Author and broadcaster Lemn Sissay MBE has collaborated with
Hope Spring Eternal is at the heart of a short film created by the international development organisation to launch its fundraising appeal, Future on Tap, which aims to raise £3million to help transform lives with clean water in Frat and other villages around the world.
During the appeal, which runs from now until 4 February 2021, the UK government will match public donations up to £2million to help even more people in Ethiopia. The match funding will bring clean water and decent sanitation to poor families, schools and health centres in drought-prone areas in Berbere. That’s something we can all get on board with.
Many people from the villages of Frat, which scatter the hills in the Amhara region in Western Ethiopia, moved here after being displaced by the drought of 1983-85, and through strength and solidarity have carved out a good life for themselves. However, a lack of basic facilities like clean water exacerbated by the changing climate poses insurmountable challenges.
Families spend hours each day collecting dirty water from a river at the bottom of the hill, which is their only option. Women and children are afraid to go alone or at night because of thieves in the area, and the dirty water causes sickness. The changing climate is making life harder. Some water sources are depleting over time, while the hotter summers and unexpected storms are destroying crops, their only source of income.
Nearly two-thirds of Ethiopians do not have clean water close to home. The country is one of the most vulnerable to climate change – ranking in the bottom quintile of the Notre Dame Global Adaptation Initiative Country Index for its vulnerability and its readiness to improve resilience.
Lemn, who was the official poet of the 2012 London Olympics, says: “When reading accounts from the families in Frat, I have been struck by their strength and solidarity, which has helped them overcome immense challenges. Their lives and livelihoods are now threatened by the changing climate, a global crisis impacting poorest countries the most, despite them doing the least to cause it.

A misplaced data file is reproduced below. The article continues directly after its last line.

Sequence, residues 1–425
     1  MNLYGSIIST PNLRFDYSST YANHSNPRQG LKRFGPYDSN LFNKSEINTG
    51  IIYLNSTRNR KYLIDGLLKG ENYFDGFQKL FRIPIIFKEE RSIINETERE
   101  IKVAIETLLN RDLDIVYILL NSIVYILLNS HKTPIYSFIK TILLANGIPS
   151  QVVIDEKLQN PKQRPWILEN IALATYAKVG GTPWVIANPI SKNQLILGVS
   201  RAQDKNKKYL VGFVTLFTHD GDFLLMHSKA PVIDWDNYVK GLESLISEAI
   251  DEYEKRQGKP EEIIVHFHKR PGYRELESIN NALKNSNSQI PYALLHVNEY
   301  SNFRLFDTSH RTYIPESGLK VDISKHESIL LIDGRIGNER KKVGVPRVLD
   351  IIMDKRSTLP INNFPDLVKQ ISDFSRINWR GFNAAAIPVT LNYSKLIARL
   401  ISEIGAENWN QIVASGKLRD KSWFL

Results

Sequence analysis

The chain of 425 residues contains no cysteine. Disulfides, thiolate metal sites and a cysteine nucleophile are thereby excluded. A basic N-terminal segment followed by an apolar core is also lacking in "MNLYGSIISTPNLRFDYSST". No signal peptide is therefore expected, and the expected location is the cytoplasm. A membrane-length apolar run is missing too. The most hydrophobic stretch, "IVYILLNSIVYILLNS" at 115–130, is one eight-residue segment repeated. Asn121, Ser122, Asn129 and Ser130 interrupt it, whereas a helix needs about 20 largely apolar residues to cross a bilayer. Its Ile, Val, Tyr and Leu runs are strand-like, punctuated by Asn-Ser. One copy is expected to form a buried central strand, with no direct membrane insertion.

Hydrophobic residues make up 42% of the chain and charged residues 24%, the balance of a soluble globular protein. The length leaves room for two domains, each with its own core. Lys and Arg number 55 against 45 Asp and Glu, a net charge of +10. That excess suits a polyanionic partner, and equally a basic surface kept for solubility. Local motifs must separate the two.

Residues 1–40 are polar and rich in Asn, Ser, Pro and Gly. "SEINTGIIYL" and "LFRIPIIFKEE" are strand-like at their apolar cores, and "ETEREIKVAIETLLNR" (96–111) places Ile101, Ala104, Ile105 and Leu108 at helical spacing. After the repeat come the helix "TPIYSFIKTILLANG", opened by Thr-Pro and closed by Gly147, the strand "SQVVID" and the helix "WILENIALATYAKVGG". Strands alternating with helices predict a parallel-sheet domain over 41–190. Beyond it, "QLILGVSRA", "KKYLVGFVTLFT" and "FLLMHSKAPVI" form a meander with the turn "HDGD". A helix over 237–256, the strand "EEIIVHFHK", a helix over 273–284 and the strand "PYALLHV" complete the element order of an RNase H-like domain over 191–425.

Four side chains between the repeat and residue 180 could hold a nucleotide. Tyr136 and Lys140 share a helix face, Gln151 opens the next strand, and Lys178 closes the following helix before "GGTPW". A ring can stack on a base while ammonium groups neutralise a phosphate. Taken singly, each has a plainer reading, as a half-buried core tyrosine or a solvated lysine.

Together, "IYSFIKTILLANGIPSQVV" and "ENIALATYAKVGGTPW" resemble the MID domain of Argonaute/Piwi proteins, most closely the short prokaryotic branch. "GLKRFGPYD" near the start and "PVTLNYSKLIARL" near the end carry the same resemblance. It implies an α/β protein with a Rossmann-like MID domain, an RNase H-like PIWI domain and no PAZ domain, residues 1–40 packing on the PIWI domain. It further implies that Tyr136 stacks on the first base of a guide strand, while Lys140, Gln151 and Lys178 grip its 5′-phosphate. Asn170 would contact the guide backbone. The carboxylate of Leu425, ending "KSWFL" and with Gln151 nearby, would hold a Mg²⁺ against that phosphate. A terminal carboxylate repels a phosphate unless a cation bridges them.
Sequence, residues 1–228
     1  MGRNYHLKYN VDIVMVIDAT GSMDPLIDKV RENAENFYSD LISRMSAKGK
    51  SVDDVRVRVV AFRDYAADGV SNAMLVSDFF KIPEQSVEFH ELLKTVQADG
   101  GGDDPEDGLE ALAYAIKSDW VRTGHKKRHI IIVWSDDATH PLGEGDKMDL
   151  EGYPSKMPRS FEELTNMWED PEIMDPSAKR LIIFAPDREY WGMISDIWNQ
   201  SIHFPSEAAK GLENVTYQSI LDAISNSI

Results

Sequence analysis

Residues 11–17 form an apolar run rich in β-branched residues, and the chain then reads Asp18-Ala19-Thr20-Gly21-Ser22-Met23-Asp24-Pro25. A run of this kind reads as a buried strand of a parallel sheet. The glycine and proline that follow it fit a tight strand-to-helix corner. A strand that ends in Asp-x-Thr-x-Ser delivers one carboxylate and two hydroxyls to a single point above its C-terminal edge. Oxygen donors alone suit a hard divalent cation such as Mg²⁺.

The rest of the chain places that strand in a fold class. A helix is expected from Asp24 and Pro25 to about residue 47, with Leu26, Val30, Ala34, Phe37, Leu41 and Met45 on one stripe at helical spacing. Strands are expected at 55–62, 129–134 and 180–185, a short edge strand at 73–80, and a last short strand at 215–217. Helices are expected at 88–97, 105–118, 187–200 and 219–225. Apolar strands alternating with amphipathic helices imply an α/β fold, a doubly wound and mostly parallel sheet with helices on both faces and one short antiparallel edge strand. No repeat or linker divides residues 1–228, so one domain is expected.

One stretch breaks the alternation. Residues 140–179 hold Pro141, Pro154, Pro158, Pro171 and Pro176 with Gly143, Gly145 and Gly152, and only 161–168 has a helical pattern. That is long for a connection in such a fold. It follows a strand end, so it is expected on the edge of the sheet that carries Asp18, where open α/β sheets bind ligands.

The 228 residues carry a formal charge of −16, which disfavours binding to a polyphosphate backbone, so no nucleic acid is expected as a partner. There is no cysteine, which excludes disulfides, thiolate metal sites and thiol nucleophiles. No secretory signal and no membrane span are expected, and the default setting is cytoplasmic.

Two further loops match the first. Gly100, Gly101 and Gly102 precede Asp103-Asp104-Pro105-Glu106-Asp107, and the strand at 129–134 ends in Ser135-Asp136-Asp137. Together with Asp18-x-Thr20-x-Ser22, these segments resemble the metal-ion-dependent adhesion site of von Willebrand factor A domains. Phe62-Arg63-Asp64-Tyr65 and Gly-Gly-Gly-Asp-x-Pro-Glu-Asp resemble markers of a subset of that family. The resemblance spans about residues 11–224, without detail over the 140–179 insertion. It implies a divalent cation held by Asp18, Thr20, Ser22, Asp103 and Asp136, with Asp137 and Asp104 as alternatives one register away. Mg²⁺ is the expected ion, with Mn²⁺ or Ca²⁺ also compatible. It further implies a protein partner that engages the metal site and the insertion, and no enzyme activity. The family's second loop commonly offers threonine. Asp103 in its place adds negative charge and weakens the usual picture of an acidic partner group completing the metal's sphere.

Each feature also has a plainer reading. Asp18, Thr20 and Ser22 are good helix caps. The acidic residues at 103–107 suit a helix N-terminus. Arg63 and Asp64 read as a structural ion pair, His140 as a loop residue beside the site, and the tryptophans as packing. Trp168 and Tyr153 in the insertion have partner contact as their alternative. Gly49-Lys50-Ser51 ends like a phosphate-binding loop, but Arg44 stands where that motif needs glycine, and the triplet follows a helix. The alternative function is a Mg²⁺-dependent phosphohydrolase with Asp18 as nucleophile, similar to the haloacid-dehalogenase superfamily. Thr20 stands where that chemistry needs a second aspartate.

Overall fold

“We can all help tackle this injustice by helping get people clean water. Water is life; it enables people to not only survive, but thrive, and it builds resilience to the changing climate, whatever the future holds.”
Kemal Hussein, 55, owns farmland in Frat where he has lived since childhood. He saw families move here during the drought, and has noticed the climate changing: “There was a severe drought, so people were forced to come here. We welcomed them because they were suffering, and it was nice to have more people. As far as I remember, we have been using river water. We were also able to use springs in the early days, but they’ve dried up. Year after year the weather is getting hotter.”
The unpredictable weather has destroyed crops for Medina Ali, 24, and the water has made her young daughter sick: “The climate has been changing lately. In the last rainy season, there was more rain, so that destroyed all the red pepper I planted. The river water causes illnesses, especially for children. With clean water, we can be healthy, we can be productive and improve our lives.”
To support WaterAid’s Future on Tap appeal, visit